About a decade later in 1987, Huntley would start as the General Manager and Coach to the Philadelphia Wings, in the inaugural season of the Eagle Pro Box Lacrosse League. He’d recruit Mike French to play for the team, and as French recalled, the leader stepped down from his position and joined as a player when the team was afflicted with injuries. He would continue to serve in multiple capacities over the years, and leave his impact upon those around him. In 2008, Huntley returned as the Head Coach of the Philadelphia Wings leading the team to the National Lacrosse League playoffs and ending the team’s longest playoff drought in history.  As Mike French allude to, here Huntley would develop some of the NLL’s top athletes, not only into competitors but as men.  Geoff Snider, a Philadelphia Wings alum and nine year NLL vet, said of Huntley, “Few have the character or courage to lead in the manner that Dave Huntley did.  Dave’s reach was felt farther than he possibly could have imagined, he impacted the lives of so many people, young and old.  Dave was selfless in his direction, empowered to positively affect change, and he always pushed his players and peers to be better versions of themselves. I am incredibly grateful for the man that Dave has helped me to become, and for the example that he set for the man that I continue to strive to be. Thank you for the immeasurable impact that you have had on so many lives, and on the World Hunts, you will be dearly missed.”

 

As the lacrosse community reacted to the news, it was clear that not only did Huntley lead on the field, but he developed and guided everyone around him off the field with character and grace.  He challenged them to look at things from new perspectives and grow. There are countless stories from NLL players and staff who shared their touching experiences with Huntley, including Brodie Merrill.  The Toronto Rocks’ star said, “Dave was a coach, mentor, and friend.  He had a profound impact on me as both a player and person.  He was always someone I could lean on for guidance and support.  Some of my most enjoyable and meaningful memories in the game came alongside Dave.  I will miss Hunts very much.  His impact on Canadian Lacrosse and Lacrosse in general will live on forever.”  While Georgia Swarms’ Coach Ed Comeau said perfectly, “It was a privilege, an honor and a pleasure to get the opportunity to work with Dave Huntley on Canadian National Team programs and also as opposing coaches in the NLL. Dave’s insight and assessment on player’s talent, drive and character was second to none. He has touched the lives and careers of countless players, coaches and staff in the NLL, MLL, National Teams, college and high school. He challenged the way we looked at lacrosse and sought out new and improved ways to play. If you were around Dave his passion for lacrosse was obvious but his ability to connect with people was unique. I will always remember the many long conversations about lacrosse, the many characters he crossed paths within the game, his humor along with his story telling ability and his desire to improve the game. We will miss Dave dearly, but the many stories and laughs he shared with all of us will keep his memory close.”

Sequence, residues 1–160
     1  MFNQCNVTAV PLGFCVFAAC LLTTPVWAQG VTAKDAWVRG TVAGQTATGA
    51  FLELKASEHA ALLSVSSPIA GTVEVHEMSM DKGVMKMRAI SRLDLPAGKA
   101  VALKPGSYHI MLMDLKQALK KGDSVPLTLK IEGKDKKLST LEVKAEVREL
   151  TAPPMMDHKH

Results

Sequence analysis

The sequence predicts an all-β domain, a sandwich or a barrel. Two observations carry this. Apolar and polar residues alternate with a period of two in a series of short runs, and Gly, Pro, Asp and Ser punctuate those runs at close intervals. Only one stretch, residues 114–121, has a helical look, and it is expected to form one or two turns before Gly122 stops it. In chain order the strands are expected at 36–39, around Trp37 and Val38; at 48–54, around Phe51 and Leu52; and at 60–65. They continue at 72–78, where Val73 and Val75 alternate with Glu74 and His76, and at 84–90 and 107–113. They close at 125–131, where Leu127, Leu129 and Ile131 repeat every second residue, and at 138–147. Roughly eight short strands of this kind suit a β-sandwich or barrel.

A memorial service to celebrate Dave Huntley’s life will be held at Johns Hopkins this spring.